Manga is all the rage in Hollywood at the moment. While "Akira" is on hold for the moment, fans were concerned when Warner Bros. announced that they were bringing "Bleach" to the big screen. And opinions are still split on Spike Lee's redo of "Oldboy," which is now aiming to shoot this fall. Well, we're sure this next project won't be scrutinized any less.
While Darren Aronofsky was loosely attached years ago and was eager to make it happen, Deadline reports that "Fast Five" director Justin Lin will take the helm of a Hollywood adaptation of Kazuo Koike's 1970s Japanese manga "Lone Wolf And Cub." The beloved and popular series tells the story of Ogami Itto, an elite Shogun’s executioner, who is falsely accused of a crime by a rival gang who murders his wife. With his three-year-old son in tow, he is forced to wander as an assassin for hire, while seeking revenge.
And though fans might be worried, take heart, as the screenwriting talent is top shelf. David Peoples ("Blade Runner," "Unforgiven") is teaming with his wife Janet (they co-wrote "Twelve Monkeys") to pen the script, and they know their way or two around dark or difficult material. That said, Lin directs with all the subtlety of an LMFAO song so it'll be interesting to see how this shakes out.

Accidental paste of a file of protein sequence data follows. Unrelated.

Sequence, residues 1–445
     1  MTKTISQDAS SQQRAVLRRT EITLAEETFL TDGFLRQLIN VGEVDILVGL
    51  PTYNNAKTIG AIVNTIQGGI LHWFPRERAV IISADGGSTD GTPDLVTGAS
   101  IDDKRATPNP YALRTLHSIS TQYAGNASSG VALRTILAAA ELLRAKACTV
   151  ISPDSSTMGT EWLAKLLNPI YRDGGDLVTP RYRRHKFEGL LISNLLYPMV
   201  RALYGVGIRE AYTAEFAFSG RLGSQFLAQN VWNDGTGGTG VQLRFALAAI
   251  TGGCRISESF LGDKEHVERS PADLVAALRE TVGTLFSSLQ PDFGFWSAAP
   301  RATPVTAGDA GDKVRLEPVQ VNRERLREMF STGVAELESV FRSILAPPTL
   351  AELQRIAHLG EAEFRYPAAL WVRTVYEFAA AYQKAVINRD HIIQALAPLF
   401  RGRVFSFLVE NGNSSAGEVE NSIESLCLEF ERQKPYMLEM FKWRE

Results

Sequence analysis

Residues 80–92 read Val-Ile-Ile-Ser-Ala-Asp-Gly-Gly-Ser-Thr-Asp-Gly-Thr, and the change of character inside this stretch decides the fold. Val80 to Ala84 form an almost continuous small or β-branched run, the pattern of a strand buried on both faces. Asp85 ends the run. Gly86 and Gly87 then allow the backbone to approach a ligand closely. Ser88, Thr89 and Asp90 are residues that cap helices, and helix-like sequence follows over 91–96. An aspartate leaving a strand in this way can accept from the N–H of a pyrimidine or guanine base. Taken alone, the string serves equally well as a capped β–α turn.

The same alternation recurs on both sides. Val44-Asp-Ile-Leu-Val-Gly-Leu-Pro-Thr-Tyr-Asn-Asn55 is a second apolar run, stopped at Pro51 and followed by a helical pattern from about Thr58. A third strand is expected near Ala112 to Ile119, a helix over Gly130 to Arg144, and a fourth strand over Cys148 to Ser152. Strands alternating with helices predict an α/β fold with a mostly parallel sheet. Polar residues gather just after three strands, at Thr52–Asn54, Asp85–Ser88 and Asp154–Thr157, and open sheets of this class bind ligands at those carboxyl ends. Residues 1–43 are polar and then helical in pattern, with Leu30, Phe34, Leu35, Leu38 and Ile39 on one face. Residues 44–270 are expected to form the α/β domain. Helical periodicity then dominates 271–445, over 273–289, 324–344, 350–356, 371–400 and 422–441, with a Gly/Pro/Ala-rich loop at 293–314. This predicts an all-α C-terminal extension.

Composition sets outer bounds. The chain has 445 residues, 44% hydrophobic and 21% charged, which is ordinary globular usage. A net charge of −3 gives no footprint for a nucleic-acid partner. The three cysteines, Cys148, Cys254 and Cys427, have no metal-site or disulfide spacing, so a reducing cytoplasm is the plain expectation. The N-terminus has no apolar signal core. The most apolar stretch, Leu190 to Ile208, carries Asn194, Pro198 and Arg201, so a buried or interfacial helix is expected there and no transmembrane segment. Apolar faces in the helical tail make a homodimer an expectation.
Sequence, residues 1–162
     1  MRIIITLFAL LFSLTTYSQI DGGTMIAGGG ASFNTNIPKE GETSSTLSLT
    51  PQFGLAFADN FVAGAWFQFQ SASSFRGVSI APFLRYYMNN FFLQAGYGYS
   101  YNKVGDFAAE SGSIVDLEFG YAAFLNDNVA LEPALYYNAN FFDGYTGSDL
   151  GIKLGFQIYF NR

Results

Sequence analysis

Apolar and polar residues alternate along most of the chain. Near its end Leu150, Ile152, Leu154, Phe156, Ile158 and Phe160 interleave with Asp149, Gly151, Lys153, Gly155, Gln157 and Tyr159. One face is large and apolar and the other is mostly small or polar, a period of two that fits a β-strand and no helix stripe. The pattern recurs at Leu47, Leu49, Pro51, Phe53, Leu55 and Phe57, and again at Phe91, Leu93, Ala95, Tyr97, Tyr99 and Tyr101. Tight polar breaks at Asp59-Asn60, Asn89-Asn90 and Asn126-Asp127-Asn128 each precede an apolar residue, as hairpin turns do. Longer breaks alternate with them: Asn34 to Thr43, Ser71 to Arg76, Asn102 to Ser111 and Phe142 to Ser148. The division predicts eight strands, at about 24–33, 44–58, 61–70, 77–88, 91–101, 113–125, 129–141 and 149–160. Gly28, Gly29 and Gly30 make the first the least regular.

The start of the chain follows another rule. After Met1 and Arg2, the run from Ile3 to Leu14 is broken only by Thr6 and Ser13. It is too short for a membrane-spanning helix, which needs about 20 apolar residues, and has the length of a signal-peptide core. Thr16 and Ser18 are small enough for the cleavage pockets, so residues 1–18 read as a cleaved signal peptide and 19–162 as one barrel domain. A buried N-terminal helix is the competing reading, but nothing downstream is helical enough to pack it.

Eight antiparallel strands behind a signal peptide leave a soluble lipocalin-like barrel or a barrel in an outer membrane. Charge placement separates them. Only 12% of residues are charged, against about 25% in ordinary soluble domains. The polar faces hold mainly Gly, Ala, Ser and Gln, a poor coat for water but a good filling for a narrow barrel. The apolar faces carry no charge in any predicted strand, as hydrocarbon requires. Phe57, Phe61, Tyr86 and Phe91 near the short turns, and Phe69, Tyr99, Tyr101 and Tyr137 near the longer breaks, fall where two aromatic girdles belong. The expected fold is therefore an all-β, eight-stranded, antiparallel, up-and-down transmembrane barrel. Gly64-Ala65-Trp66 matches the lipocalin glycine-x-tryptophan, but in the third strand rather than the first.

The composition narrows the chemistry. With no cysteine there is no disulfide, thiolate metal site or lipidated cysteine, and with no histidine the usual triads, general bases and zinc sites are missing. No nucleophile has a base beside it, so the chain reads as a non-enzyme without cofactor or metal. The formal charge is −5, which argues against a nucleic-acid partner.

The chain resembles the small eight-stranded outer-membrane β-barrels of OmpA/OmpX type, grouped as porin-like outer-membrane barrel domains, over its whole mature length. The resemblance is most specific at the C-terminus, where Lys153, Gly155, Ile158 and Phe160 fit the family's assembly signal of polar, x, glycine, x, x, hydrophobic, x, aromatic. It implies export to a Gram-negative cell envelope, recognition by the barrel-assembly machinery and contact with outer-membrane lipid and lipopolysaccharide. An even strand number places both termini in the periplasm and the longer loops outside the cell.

And it should be noted, this has already been adapted several times over. In the '70s there were six films based on the material with Tomisaburo Wakayama in the lead role, with the films often slavishly recreating panels from the manga (in 1980 they were condensed into a single American version called "Shogun Assassin"). Several TV movies and pilots followed, and in 1992 a new movie was made titled "Lone Wolf and Cub: Final Conflict."
But what will they do this time around? Change the setting to Manhattan? Maybe instead of a shogun, the lead can be a bitter ex-cop? Franchise? We'll see, but so far...we can't say the choices here are terrible. The screenwriters are strong and Lin is likely looking to prove himself as more than just the director of beefy car movies. So, we'll be cautious in our optimism for now.